Last week, my research and work with the bereaved was featured on NPR's Morning Edition with Barbara Bradley Hagerty.
I received many calls and emails- thousands- after the story. Most were families who'd been affected by the death of a child or other beloved one. Some shared their stories of compassionate care, particularly from spiritual leaders, while others shared moral, emotional, and ethical transgressions by those charged with the most sacred of all: caring for the suffering.
I also received about two dozen emails from spiritual leaders. Some of the emails surprised and moved me. You see, back in 1994, I tried many times to connect with spiritual leaders after Chey's death. I was then, what I now call, a 'recovering atheist', having been raised in a cult-like religious group as a child. I sought G*d after she died. I couldn't imagine - tolerate - the idea that I would never experience her presence again.
Time and time again, I was met with responses that rated from rabid insolence to apathetic detachment. Someone always had a holy verse to throw my direction about plan-making and landscaping and accepting and past sins and faith.
"Just give it to G*d"
"Just trust in the Lord"
"There's a reason for everything"
"Don't mourn, you'll see her again"
"What did you do in your past to deserve this?"
"If you had enough faith, you wouldn't hurt so much"
"G*d will turn all things for the good"
"Look how G*d can use you now"
"He needed another angel to tend His garden"
Now, this resonates with what Reverend William Sloane Coffin said in his eulogy for his son, Alex: Many spiritual leaders "know their Bibles better than the human condition." He goes on:
That's why immediately after such a tragedy people must come to your rescue, people who only want to hold your hand, not to quote anybody or even say anything...people who sign letters simply, "Your brokenhearted sister." In other words, in my intense grief I felt some of my fellow reverends — not many, and none of you, thank God — were using comforting words of Scripture for self-protection, to pretty up a situation whose bleakness they simply couldn't face...
I swear to you, I wouldn't be standing here were I not upheld.
Why do we use spirituality to clobber people on the head when they are most weak, fragile, and vulnerable? Can it not be the same as an other unhealthy distraction? Certainly, most agree that we should not use alcohol, drugs, sex, food, exercise, work, or hedonism to distract ourselves from human pain and suffering. We become hungry ghosts, striving to heal that which cannot be healed and fill that which cannot be filled.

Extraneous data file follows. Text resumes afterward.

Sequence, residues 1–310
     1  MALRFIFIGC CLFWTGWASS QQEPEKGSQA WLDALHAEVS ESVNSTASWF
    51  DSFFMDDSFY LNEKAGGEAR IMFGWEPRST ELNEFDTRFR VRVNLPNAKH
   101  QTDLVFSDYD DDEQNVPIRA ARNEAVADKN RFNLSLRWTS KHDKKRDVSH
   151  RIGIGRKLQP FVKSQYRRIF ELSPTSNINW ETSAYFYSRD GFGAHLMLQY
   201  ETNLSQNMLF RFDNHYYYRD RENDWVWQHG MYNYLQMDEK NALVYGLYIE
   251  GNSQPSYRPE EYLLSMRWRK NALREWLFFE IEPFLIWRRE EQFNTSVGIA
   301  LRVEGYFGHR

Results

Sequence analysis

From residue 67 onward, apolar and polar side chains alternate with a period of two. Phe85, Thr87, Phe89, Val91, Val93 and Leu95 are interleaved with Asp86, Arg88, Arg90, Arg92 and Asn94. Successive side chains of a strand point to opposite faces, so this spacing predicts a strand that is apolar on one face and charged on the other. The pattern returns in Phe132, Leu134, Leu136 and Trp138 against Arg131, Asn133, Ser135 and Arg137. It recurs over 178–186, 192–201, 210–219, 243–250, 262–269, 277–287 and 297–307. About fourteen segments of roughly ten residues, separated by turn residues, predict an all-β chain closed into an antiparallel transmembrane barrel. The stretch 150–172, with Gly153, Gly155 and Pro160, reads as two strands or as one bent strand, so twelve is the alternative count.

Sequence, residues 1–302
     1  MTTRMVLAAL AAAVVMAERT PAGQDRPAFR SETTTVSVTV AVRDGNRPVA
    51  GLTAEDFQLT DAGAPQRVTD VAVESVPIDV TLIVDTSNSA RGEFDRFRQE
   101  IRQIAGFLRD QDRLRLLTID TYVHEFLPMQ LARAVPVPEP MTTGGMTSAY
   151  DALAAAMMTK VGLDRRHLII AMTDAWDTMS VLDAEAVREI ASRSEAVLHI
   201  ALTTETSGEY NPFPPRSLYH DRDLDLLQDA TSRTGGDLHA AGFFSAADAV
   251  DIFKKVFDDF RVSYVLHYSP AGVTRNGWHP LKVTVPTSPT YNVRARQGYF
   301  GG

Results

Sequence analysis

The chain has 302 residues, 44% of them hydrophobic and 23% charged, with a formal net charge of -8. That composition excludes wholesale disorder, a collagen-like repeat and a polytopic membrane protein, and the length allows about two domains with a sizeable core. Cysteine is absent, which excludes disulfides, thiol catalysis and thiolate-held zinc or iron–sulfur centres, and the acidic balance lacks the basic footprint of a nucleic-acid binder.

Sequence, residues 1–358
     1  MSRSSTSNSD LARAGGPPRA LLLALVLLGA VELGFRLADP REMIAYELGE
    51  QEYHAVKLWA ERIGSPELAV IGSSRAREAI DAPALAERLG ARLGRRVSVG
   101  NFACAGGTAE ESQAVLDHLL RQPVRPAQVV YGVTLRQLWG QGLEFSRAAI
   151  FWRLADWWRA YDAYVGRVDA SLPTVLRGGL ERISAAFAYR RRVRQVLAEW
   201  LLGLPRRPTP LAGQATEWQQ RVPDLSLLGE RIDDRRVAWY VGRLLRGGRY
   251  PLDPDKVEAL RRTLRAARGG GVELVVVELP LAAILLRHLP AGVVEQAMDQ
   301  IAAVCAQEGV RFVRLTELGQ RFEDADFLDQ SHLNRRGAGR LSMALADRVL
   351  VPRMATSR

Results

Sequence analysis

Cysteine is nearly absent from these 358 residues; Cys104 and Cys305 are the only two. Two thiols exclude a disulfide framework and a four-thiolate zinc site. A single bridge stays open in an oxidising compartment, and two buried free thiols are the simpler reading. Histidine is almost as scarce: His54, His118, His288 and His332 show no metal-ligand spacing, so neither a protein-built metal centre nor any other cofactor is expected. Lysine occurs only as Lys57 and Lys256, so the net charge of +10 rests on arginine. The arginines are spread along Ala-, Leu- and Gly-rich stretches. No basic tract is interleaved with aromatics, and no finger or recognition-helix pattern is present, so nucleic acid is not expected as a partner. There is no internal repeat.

However, nor should we use spirituality as an excuse to deny our very humanity.
I believe an authentically spiritual life is one that invites us to move between the light and darkness, to go deeply into the great mystery, to brave human suffering- our own and others. Spiritual leaders, more than most, should know this deep within their very being. Spiritual leaders are not psychiatrists, they disavow application of the medical model in caring for the existential, that cannot be cured with modern medicine. The best way to be spiritual, I believe, is to be deeply human in the face of suffering. To leave your holy book outside, unless asked, and enter as a human being sharing in the brokenness of the world.
I sat with a young family many years ago. Their beautiful little boy drowned in the pool. They were in the hospital, disconnecting him from life support. The mother held him as he died, the father sat, his head in his knees, sobbing. I was quiet, sitting close, my eyes wet with tears. Moments later, a pastor came into the room from a church they'd started attending. He had his Bible in hand, his finger between pages like Wyatt Earp's finger on a trigger. I saw it as he came in, and I quickly rose. I asked to speak with him outside. I said, "Thank you so much for coming here to bear witness to this family's suffering. I know you didn't ask my advice, but I've been doing this a very long time... and with great humility and love I would ask that you leave your Bible outside the room, and go in and sit with this family and just be with them..." He looked a little confused, became agitated, and said he was there to bring God's presence in the room. He walked around me and went into the room. The parents listened, they sobbed, as he read verses of "comfort". Less than two months later, they left the church as they became increasingly angry about "God's will" in their lives, vowing never to return to church.
I sat with another young family many years ago. Their little boy died suddenly from pneumonia. I was introduced to them by their pastor who, upon learning of the baby's death, called me for guidance. He said something to this effect: "I need help. A young family in my church (I remember hearing the tears in his voice)- their baby just died. I'm going to the hospital to be with them. I'm afraid. There are no answers in times like this. Just more questions." He asked if we could meet and if I could help educate him on how to be with the family. We met for three hours. He conducted a beautiful, respectful eulogy for precious Aaron and even now that moment in time can bring me to tears. His parents remained a part of the church for many years until they moved out of town. And I know they've not fogotten- nor will they ever forget - Pastor Dave's humility, tenderness, and open-hearted humanity.